Thursday, December 29, 2011
Irreparable Harm by Melissa F. Miller
Now, from what I experienced interning at a Law Firm at the JC Law Programme last year, being a lawyer doesn't mean being in court or doing dramatic things like yelling "Objection" everyday. In fact, games like Ace Attorney and now, books like Irreparable Harm are probably very remote from the life of the average lawyer. But strangely, the book also feels realistic in the sense that I can imagine the cut-throat (not the literal parts!) competition and the hierarchy of lawyers described in the begining of the book.
One really big plus for the book is its relatively short chapters. I get bored easily on the iPad, so knowing that the chapters are short make me read more (ironically). Let me explain my twisted reasoning. If every chapter is let's say 20 pages, then after one or two chapters I'll be something like "what can I watch on Youtube?". But if every chapter is less than 10 pages (some 5!), and the story is gripping, I'll be something like "ok, 1 more chapter than I stop" for oh, let's see, around 10 chapters. Of course, this only works if you have a very tightly written and thrilling plot. If not, I won't keep reading because I won't care about finding out what happened next.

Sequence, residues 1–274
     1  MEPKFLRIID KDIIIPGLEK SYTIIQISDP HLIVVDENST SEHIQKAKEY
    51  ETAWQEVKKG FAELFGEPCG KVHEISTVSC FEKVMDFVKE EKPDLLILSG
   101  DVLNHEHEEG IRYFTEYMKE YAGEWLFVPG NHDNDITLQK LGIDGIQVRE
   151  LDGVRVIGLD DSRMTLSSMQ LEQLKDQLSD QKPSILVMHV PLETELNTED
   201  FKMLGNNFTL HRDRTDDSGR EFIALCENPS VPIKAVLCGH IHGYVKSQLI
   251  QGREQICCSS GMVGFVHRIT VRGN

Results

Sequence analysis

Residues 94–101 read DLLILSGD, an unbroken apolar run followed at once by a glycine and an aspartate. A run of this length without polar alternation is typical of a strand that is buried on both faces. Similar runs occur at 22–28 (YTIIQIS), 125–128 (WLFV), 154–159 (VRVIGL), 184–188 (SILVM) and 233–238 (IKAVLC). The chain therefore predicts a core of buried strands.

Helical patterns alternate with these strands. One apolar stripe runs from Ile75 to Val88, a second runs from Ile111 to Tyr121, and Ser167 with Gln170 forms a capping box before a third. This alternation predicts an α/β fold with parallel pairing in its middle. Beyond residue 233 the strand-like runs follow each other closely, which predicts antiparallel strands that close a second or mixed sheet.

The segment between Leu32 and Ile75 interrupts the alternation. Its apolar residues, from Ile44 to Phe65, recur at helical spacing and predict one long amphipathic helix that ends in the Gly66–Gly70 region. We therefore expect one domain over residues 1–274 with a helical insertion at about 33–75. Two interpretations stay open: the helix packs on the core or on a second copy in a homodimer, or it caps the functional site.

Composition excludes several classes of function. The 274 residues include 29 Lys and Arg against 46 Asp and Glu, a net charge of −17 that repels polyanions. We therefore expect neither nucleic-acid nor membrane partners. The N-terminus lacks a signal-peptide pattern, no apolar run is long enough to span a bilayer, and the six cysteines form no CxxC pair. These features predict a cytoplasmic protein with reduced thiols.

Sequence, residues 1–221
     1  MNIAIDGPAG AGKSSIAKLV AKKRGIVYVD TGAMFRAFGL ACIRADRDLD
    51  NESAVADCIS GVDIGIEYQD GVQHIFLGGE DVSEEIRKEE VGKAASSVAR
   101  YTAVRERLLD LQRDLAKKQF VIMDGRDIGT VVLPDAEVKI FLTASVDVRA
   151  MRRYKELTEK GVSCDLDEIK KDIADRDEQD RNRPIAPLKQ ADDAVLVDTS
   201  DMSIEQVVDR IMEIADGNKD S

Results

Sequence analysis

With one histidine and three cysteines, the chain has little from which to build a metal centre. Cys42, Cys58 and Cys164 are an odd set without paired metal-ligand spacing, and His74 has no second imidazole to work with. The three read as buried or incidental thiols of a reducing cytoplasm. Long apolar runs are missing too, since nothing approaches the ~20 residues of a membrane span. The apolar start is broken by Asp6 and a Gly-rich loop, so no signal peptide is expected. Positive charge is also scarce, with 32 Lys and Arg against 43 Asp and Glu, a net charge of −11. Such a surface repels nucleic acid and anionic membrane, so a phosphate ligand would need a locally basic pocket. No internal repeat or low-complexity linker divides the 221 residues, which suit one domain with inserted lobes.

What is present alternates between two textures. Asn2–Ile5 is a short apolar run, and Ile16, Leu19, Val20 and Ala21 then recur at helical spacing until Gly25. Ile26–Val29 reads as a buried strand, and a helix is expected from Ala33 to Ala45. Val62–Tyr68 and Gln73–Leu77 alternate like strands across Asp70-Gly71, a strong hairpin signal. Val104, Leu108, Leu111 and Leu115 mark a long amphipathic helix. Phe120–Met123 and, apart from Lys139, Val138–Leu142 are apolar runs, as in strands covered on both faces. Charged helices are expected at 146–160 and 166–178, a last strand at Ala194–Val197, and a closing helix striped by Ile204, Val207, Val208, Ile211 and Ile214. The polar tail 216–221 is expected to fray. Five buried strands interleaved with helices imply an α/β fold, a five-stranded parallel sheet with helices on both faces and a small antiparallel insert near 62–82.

Sasha, the protagonist, is a promising lawyer at Prescott & Talbott and she, for some reason, also has a heart (defying the characterisation of many lawyers in many novels I read). She's also, incredibly, a very likeable character despite veering very close to becoming a Mary-Sue. I mean, she can fight (Krav Maga), is pretty (presumably) and incredible intelligent (duh). And yet, she remains down-to-earth, and real, unlike those artificial characters that are all-rounders with one tiny flaw that they inevitably overcome.
So yes, Irreparable Harm is an excellent book which I really do think you should read. But here's the disclaimer: I got this ebook from the librarything member giveaway. I was asked to write a review, but it didn't have to be positive. Plus, all opinions here are my own.